Step 1: Thunderbolt Communication
Most Thunderbolt enclosures with a PCIe slot are able to communicate with Mac OS (10.9 to 10.12). A Thunderbolt 2 enclosure such as the AKiTiO Thunder2 works directly with all first- and second-generation Thunderbolt Macs since the physical connector is the same and Thunderbolt 2 (TB2) is backward compatible with Thunderbolt (TB1). The introduction of the Late 2016 MacBook Pro brought Thunderbolt 3 (TB3) and a new type of connector in the physical shape of USB-C. Apple Thunderbolt 3 (USB-C) to Thunderbolt Adapter allows backward and forward compatibility. With this adapter, TB1 and TB2 Macs can use TB3 enclosures, and TB3 Macs can use TB2 enclosures.
Choosing a Thunderbolt 2 enclosure is very easy because there are only a handful of them. The AKiTiO Thunder2 PCIe Expansion Box is the most affordable and commonly used for external GPU builds. Other suitable TB2 enclosures for external graphics card setup are: OWC Mercury Helios, Sonnet Echo Express III-D, Netstor NA211TB-LD.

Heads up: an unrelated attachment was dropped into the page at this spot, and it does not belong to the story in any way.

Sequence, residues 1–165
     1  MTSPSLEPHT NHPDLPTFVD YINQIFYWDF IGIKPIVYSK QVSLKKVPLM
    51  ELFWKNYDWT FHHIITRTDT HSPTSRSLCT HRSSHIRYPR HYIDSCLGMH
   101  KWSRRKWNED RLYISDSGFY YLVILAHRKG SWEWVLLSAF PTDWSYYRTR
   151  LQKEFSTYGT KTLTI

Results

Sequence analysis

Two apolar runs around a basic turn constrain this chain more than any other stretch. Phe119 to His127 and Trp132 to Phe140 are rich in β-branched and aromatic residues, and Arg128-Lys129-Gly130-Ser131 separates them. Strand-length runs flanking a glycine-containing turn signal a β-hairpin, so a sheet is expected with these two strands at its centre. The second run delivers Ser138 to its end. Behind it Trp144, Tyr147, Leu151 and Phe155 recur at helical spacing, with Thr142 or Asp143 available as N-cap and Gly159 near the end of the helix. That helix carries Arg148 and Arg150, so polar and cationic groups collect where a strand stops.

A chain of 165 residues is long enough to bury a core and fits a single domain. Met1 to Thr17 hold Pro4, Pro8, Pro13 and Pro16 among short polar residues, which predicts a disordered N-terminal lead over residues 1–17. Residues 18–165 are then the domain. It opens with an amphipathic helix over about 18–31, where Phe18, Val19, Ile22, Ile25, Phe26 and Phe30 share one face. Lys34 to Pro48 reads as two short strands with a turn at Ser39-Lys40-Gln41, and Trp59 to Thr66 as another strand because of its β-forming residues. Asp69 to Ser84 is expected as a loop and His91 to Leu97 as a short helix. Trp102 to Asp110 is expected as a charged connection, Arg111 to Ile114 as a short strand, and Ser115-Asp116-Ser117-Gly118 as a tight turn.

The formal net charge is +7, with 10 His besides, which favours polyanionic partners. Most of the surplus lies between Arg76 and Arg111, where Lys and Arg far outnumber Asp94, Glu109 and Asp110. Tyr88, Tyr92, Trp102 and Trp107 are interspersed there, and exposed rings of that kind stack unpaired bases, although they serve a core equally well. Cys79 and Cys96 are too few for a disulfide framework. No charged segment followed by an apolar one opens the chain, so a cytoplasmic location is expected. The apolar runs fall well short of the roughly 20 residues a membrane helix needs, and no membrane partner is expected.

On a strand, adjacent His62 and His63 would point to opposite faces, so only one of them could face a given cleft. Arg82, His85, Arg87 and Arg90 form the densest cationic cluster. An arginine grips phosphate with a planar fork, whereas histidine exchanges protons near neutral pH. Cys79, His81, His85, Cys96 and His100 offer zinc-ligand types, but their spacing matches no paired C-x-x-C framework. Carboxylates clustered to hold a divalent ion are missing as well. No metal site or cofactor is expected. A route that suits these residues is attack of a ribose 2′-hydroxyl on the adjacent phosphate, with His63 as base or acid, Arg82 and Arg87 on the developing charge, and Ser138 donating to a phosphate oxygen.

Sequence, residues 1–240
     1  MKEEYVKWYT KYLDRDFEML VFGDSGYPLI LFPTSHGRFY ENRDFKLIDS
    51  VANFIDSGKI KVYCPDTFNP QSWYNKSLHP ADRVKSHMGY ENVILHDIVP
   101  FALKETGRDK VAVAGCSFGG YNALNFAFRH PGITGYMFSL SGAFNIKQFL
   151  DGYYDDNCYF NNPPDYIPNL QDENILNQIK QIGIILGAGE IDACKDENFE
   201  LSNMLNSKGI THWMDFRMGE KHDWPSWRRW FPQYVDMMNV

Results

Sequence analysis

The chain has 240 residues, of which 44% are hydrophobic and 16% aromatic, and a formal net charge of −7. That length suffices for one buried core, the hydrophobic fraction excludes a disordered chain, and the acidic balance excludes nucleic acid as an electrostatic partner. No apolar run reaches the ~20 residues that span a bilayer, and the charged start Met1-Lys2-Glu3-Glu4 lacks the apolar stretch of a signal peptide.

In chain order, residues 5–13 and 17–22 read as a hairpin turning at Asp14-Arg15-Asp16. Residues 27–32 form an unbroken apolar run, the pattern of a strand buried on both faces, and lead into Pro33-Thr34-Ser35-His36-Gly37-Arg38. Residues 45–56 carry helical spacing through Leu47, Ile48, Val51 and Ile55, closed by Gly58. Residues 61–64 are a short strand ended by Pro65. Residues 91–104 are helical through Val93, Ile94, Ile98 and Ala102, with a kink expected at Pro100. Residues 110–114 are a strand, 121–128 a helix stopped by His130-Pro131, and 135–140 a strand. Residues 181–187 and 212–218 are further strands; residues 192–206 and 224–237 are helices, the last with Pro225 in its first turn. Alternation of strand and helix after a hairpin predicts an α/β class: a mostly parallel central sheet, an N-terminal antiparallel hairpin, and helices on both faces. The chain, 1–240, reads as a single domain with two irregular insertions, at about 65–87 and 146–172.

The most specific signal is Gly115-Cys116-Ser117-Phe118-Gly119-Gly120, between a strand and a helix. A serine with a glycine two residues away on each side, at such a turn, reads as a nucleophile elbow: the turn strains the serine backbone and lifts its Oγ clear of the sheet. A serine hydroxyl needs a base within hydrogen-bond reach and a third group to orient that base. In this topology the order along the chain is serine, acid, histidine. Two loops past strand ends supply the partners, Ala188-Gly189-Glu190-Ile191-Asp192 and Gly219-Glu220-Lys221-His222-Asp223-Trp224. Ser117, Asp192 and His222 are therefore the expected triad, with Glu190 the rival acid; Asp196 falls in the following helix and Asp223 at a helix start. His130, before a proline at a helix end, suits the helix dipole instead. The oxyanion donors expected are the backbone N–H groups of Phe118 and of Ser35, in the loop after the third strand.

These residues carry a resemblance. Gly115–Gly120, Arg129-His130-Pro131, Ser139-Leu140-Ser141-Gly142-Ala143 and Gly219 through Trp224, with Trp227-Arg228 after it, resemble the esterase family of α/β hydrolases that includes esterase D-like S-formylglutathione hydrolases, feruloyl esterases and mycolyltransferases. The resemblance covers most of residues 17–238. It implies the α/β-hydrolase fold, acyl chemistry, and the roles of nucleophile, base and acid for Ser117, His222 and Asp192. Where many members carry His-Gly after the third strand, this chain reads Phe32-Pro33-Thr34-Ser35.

You have many more options for a Thunderbolt 3 enclosure. Since the arrival of the Late 2016 MacBook Pro in October 2016, it seems a new Thunderbolt 3 enclosure comes out every month. Intel is in high gear to promote the Thunderbolt 3/USB-C connectivity standard. Due to the thinner and lighter design language across the industry, the demand for expansion enclosures is at an all-time high. Below is a list of the most popular Thunderbolt external GPU enclosures currently available in 2017 (most up-to-date enclosure information at External GPU Buyer’s Guide: Top 2017 eGPU enclosures compared).
|Thunderbolt 3||Thunderbolt 2||▲Top||Expresscard 2.0||NGFF/M.2||▲Top|
|Thunderbolt 3||Thunderbolt 2||▲Top||Expresscard 2.0||NGFF/M.2||▲Top|
|Thunderbolt 2 Enclosures||AKiTiO Thunder2||HighPoint RS6361A||Sonnet Echo
Express SE 1
|Max PCIe bandwidth||16Gbps||16Gbps||16Gbps||16Gbps||16Gbps||16Gbps|